Updated: Dec 14, 2018
A growing body of research shows that experiencing awe doesn’t just make you feel better, it makes you a better person!
One of the earliest psychologists to explore the connection between awe and self-fulfillment and happiness was Abraham Maslow. Maslow, most well-known for his "hierarchy of needs," wanted to understand human potential, what humans are capable of as their healthiest self. Through his research, he developed a pyramid of basic human needs that delineate what is required for maximum psychological health and life satisfaction.
Self-actualization, the top tier, could simply be described as the desire to be the best version of yourself.
What a man can be, he must be. This need we may call self-actualization…refers to the desire to become more and more what one is, to become everything that one is capable of becoming. (Maslow, Motivation and Personality, p 93)
In 1964, Maslow introduced the theory of “peak experiences” – transformative mystical raptures of awe. He refers to life-changing, transcendental experiences that often involve disorientation in space and time, and self-forgetfulness. Maslow maintained that self-actualized people, those who have the desire to reach their full potential, experience awe and practice gratitude for the extraordinary things they find in the world.
While modern psychologists can’t seem to agree as to whether awe is an emotion or a cognitive state, the burgeoning field of research has taken Maslow's early work to new levels. Recent studies have explored everything from what awe is to what it inspires within us to how it impacts us physically.
In 2003, Jonathan Haidt and Dacher Keltner published a landmark study on the social and emotional functions of awe. They described it as existing “in the upper reaches of pleasure and on the boundary of fear” and reported that nurturing your sense of awe makes you a happier and better person by increasing your sense of connectedness and willingness to help others.
Research conducted by Paul Piff at the University of California reinforced Haidt and Keltner’s work. Piff maintains that the concept of awe centers around two main themes: the feeling of being diminished in the presence of something greater than ourselves, and a greater motivation to be a better person.
In Piff’s research, participants who recalled an experience of awe recounted feeling small relative to the world around them. They also reported a diminished focus on personal concerns or day-to-day stressors. Increased tendencies to experience awe correlated with an increase in generosity, a decrease in a sense of entitlement, as well as positive emotions such as love, compassion, and contentment. Piff concludes that people who nurture a sense of wonder and regularly experience awe and are more altruistic. They contribute more to society by volunteering, giving to charity or making a positive impact on their communities.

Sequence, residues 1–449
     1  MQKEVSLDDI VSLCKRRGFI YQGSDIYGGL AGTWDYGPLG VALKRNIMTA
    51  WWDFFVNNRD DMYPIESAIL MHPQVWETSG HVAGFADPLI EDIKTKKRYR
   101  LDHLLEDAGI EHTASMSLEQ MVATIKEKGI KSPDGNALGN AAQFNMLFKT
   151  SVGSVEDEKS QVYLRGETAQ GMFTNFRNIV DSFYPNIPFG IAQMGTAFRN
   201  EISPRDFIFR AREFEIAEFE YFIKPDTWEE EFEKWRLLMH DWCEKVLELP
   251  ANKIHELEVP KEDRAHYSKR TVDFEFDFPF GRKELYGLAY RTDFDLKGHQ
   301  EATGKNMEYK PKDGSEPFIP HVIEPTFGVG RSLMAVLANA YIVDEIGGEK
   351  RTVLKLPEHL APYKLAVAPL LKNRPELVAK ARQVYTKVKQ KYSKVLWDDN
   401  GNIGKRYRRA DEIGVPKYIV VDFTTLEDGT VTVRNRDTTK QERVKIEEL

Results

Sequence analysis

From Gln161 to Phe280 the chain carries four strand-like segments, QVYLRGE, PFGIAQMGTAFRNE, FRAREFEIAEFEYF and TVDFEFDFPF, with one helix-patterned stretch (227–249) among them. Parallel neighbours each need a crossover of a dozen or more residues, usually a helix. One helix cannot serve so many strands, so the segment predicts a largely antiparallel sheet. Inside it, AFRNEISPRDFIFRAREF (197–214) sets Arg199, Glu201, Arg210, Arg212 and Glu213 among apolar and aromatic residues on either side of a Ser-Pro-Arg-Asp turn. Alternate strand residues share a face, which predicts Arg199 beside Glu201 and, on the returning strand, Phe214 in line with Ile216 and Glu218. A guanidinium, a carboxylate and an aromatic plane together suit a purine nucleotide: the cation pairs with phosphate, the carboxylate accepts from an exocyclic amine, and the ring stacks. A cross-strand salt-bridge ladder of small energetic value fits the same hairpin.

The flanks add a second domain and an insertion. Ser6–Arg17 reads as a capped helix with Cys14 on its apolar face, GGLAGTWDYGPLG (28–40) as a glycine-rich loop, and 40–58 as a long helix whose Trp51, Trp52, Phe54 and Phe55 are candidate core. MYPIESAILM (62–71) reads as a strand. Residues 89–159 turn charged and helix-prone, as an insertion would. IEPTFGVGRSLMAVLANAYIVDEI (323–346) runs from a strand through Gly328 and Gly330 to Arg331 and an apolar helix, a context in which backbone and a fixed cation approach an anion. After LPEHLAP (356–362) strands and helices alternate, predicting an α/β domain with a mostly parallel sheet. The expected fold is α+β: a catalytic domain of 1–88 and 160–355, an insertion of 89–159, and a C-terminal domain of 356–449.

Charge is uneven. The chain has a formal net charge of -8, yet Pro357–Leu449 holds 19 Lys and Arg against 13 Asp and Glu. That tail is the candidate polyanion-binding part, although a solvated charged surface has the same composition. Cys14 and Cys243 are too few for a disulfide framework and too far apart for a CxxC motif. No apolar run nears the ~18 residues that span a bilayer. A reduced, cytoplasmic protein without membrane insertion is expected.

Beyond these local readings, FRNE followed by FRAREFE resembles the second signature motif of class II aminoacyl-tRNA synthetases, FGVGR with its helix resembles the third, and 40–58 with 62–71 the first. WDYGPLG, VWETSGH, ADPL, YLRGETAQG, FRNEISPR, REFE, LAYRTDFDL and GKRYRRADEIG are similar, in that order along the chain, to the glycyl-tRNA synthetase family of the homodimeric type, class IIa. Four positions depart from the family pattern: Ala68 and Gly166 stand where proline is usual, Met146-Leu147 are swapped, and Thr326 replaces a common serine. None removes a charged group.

According to a 2016 research study, we also think more critically when we experience awe or just recall a time when we experienced awe. Because awe involves a sense of uncertainty, we are naturally compelled to search for understanding through careful and critical thought processing.
Awe affects us physically, too. We’ve known for some time that negative emotions, such as fear or anger, are linked to poor health. It would seem logical, then, that positive emotions, such as awe, would be linked to better health. Recent research shows that frequent experiences of awe corresponded with lower levels of pro-inflammatory cytokines -- it's what keeps our immune system operating efficiently.
In Search of Awe
Nurturing your sense of wonder and finding more awe is easier than you think. It requires no special equipment, and it’s absolutely free. Take a wonder wander. Go in search of something new or novel. Explore a new city, check out a new restaurant, or just take a different route to work. Take an awe walk through the park or even around your building at lunchtime. Embark upon a “roaming route.” Set off with a specific destination in mind and see where you land and what you discover along the way.
Consciously look for novelty, for beauty, for things that you’ve never noticed before in familiar places. Open your mind to the sights, the sounds, the smells. Train yourself to see things the way a child discovers things for the first time.
While Maslow explored peak experiences as life-changing, mystical raptures of awe, anyone who has ever seen the flash of the sun as it plunges into the ocean, watched a hummingbird drink from a feeder, or closely examined the intricacies of a flower knows that we can find awe in even the simplest, seemingly ordinary, things.
Maybe what Maslow was really trying to tell us was there is magic all around us… we just have to learn how to look for it and remember to be grateful for it.
Want to learn more about how the brain works and how to make it work better? Sign up to receive a quick Neuro Nugget every Friday morning. You'll be impressing your friends by lunch!